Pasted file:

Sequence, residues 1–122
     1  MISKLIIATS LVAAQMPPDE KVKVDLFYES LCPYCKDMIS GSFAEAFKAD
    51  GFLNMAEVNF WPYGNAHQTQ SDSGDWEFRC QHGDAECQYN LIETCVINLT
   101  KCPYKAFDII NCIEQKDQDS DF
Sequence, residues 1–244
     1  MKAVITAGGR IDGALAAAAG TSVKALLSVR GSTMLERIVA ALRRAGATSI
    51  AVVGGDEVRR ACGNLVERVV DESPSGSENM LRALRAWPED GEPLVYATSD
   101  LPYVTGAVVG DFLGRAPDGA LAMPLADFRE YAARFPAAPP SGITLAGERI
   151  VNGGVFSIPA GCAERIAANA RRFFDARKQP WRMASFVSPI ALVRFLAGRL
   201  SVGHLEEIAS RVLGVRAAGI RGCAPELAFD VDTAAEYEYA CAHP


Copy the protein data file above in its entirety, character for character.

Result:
Sequence, residues 1–122
     1  MISKLIIATS LVAAQMPPDE KVKVDLFYES LCPYCKDMIS GSFAEAFKAD
    51  GFLNMAEVNF WPYGNAHQTQ SDSGDWEFRC QHGDAECQYN LIETCVINLT
   101  KCPYKAFDII NCIEQKDQDS DF
Sequence, residues 1–244
     1  MKAVITAGGR IDGALAAAAG TSVKALLSVR GSTMLERIVA ALRRAGATSI
    51  AVVGGDEVRR ACGNLVERVV DESPSGSENM LRALRAWPED GEPLVYATSD
   101  LPYVTGAVVG DFLGRAPDGA LAMPLADFRE YAARFPAAPP SGITLAGERI
   151  VNGGVFSIPA GCAERIAANA RRFFDARKQP WRMASFVSPI ALVRFLAGRL
   201  SVGHLEEIAS RVLGVRAAGI RGCAPELAFD VDTAAEYEYA CAHP